I already have my CFI and plan to keep it up, even though I am not involved in a flying career anymore. Do I regret having the CFI?? He**, NO!! Nor do I regret having learned to fly. I enjoy day trips to various places and also look forward to the day that I am successful enough in business to buy a company plane, even if it is a light single engine aircraft. It's just a great accomplishment in of itself to learn to fly. Don't put so much pressure on yourself to pursue a flying career to the point where you put your financial future at risk. Continue the nonflying career, save some money, get the CFI and keep on instructing until it's time to go to an airline (if the opportunity becomes available to you) with some savings in the bank to take care of the pay cut when you do join an airline. Regardless of your career decision, I know you will not regret having a CFI.

Fly safe and never stop enjoying the beauty and wonder of flight.


ksu_aviator said:
The next big hiring boom is about to start!

Bold statement? Not really. According to Air Inc. we will see a peak retirment year in 2007 with 2,300 pilots required to retire due to their age. Compare that to the rate in 1998 of 1000 pilots retiring per year.

Air, Inc.....

HAHAHA... don't drink too much of their cool-aid, they are in the business of selling dreams! It helps their business if there is a "preceived" pilot shortage...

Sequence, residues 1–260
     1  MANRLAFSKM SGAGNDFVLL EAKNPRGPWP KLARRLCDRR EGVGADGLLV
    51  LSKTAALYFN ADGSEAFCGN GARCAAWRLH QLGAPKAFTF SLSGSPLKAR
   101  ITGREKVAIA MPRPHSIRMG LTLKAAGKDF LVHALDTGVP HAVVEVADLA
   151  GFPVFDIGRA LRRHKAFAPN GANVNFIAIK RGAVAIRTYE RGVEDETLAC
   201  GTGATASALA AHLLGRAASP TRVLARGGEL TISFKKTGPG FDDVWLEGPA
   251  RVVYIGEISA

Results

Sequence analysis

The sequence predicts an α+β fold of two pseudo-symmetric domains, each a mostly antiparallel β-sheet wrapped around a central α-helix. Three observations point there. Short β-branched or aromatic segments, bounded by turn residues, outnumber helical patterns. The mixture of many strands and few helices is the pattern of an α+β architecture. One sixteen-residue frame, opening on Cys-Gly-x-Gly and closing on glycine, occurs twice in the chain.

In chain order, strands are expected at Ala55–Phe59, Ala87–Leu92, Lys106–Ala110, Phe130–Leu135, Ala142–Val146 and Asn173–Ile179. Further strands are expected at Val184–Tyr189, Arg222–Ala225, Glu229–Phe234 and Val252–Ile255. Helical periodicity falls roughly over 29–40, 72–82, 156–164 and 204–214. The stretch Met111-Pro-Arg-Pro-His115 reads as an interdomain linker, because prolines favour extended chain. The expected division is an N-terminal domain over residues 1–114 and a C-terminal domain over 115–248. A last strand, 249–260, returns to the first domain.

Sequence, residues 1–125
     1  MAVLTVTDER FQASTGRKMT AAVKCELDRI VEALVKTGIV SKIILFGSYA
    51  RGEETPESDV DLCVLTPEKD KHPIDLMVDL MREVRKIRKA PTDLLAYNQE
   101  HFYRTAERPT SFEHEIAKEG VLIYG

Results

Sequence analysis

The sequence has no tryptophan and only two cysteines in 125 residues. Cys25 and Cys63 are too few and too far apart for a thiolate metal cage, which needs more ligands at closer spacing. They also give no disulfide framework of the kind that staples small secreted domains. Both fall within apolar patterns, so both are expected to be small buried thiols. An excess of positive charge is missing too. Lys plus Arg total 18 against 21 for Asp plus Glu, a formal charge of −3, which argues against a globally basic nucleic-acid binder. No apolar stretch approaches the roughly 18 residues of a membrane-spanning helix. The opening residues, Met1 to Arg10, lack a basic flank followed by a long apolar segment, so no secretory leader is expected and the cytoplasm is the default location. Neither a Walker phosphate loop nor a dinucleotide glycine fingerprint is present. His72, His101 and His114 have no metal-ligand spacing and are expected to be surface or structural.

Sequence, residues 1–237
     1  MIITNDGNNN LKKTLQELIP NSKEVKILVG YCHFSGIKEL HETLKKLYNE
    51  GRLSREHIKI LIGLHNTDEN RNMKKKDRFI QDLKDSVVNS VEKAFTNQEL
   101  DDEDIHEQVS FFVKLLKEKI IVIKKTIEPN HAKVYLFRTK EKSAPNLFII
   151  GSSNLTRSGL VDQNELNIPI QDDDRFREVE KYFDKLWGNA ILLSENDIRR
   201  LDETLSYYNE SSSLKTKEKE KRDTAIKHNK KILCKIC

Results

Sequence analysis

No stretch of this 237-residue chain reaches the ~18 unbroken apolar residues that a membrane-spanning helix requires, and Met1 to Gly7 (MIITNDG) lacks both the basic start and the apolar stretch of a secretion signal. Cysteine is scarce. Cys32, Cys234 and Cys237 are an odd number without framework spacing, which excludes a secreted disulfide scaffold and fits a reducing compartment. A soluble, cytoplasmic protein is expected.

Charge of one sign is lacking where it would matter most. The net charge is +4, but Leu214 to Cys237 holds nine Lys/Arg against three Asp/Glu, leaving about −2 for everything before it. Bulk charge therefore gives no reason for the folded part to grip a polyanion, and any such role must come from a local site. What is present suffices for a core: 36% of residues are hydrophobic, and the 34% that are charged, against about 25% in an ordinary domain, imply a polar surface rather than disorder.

Air, Inc. has been yelling pilot shortage for the past 10 years... still waiting to see one.... Don't believe everything you read... Once you have been in the business a little longer you will understand what I am talking about...

Fly Safe!
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I wouldn't let the hiring discourage you. Aviation is not the only field where hiring is slow. I've dodged 3 rounds of layoffs in 6 years and thats not in the aviation field.

Get the CFI and do the interview, then see what develops. Why not do both, its not liked you have an obligation with ATC.
Kit's Kool-Aid

Don't believe ANYTHING that Kit Darby and his Pied Pipers of pilot shortages put out! As FAPA impressario in 1987, Kit said that forty-thousand pilots would be needed during the next ten years because of retirements, etc. Fast-forward to 2002 and Kit, as AIR, Inc., is still purveying that garbage. Pilots who tried and tried for years to get jobs and to advance past flight instructing know the truth: There is NO pilot shortage! Evidently, Kit can't handle the truth!

Just the same, one should not be discouraged. It's a slippery slope to climb, but people do reach the summit, usually through extreme hard work and great personal sacrifice.